The second dedication to Liber Pater from Novаe has not been published. It is known to have been dedicated by a person with the name Valerius Chaereas, a native of Phoenicia. Like the three examples discussed so far, he also held the office of primipilarius.[17] It is not clear whether Liber Pater bears the adjective conservator in this case too.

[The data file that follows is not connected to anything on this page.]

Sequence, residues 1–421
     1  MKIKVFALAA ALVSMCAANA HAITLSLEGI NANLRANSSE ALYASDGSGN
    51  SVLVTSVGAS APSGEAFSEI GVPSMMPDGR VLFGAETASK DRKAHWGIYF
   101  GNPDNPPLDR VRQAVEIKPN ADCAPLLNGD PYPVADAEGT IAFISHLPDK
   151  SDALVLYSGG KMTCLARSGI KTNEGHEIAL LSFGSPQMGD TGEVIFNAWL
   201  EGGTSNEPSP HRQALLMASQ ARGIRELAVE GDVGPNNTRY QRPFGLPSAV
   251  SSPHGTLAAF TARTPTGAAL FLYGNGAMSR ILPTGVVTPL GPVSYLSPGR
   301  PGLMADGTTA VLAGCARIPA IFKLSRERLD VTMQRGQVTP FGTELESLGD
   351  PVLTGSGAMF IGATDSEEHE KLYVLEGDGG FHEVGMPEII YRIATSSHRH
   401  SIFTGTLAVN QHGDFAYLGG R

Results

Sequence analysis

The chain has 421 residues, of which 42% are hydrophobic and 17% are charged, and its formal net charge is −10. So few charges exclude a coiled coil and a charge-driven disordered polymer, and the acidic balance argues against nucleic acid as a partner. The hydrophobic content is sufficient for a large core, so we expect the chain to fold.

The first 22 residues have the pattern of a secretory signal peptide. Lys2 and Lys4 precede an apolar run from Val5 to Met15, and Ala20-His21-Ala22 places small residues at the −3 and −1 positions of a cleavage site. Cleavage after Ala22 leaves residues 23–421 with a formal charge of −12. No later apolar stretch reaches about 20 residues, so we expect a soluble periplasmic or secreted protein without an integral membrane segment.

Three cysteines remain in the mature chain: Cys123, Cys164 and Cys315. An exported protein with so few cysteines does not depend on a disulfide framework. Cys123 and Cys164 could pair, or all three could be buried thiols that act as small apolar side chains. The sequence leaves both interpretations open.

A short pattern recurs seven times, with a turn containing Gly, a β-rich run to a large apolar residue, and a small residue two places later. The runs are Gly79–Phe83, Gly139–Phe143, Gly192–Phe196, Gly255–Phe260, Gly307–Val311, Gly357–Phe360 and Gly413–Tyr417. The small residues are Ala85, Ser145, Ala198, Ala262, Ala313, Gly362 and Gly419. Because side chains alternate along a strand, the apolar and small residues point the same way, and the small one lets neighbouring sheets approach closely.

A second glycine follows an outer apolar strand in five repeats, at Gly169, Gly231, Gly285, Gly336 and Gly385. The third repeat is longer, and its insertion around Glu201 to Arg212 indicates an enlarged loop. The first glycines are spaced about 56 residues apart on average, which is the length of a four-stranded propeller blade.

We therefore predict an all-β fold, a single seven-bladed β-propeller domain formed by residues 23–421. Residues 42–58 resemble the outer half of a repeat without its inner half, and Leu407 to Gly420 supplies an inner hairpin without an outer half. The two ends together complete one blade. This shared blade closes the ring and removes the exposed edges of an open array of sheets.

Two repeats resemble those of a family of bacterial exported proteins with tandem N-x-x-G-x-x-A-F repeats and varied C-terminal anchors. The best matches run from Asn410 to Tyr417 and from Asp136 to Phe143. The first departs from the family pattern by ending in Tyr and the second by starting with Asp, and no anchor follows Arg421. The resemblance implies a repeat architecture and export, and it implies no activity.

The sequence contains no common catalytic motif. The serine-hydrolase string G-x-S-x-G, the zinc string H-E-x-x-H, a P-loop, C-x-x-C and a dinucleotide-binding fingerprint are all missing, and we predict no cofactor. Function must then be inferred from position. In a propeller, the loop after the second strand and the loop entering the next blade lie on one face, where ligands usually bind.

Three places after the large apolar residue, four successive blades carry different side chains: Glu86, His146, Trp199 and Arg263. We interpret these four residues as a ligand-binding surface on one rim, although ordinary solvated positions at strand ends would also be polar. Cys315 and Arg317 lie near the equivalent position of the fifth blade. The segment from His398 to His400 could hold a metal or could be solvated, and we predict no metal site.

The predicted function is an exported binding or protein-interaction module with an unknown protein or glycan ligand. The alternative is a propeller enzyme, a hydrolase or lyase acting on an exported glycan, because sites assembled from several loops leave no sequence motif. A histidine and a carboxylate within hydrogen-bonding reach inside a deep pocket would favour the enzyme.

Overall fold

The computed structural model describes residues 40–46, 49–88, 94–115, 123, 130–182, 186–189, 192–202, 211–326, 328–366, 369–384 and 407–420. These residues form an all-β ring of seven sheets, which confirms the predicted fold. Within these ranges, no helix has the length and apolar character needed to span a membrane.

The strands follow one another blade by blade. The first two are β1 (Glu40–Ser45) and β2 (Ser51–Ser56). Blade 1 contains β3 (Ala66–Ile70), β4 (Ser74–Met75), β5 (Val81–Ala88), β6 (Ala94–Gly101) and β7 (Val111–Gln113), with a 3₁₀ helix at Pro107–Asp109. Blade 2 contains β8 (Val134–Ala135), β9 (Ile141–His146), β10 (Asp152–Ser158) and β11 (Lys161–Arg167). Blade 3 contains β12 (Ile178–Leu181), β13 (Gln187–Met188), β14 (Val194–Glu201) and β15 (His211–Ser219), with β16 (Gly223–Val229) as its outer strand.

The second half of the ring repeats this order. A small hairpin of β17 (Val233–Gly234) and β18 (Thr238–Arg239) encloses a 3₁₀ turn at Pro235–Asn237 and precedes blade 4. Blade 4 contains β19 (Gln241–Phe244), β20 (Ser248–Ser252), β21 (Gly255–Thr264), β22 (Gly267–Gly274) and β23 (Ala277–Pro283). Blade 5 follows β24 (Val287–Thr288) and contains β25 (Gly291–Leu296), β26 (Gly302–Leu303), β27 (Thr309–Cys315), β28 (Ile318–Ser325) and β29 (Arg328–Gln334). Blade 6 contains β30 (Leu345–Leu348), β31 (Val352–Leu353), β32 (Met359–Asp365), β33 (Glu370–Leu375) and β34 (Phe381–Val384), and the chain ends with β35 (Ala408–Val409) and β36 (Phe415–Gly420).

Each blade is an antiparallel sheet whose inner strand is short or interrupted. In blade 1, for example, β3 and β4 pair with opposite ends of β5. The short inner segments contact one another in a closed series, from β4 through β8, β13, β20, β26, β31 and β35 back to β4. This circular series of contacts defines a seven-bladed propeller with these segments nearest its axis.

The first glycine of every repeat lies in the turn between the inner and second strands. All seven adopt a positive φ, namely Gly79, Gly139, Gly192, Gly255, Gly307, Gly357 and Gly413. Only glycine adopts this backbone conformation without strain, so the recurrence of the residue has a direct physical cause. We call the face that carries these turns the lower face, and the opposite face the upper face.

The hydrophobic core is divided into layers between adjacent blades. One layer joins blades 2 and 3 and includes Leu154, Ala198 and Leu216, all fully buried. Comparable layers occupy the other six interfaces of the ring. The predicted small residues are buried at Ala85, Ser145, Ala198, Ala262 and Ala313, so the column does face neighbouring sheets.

The last two monuments from Novаe are dedicated to Dionysus. Both are bases for statues of the deity. The first of them is a reused limestone slab (height 1.23 m, width 0.455 m., depth 0.26 m). The name of the venerated deity has not been preserved, its identification with Dionysus is without any doubt due to the adjectives: son of Semele, crowned with ivy wreath and twice-born. The primipilarii Theodore and Palladius of the province of Helespontus took care of the erection of the statue. The monument was dedicated following the accomplishment of their duties of providing the army with food for the victories of the two emperors. As a dating element, the inscriptions mentions the indiction during which the above-mentioned primipilarii performed their services. On this basis and because of the mention of two Augusti and at the same time due to the lack of a consular date, the monument has been dated to the years 348/349 or 363–364.[18] The last monument, a statue of Dionysus again, has been erected by Flavius […]an[19] a primipilarius of the already mentioned province of Hellespontus. As in the previous inscription, the god is defined as bestowing victories, but also fruits.[20]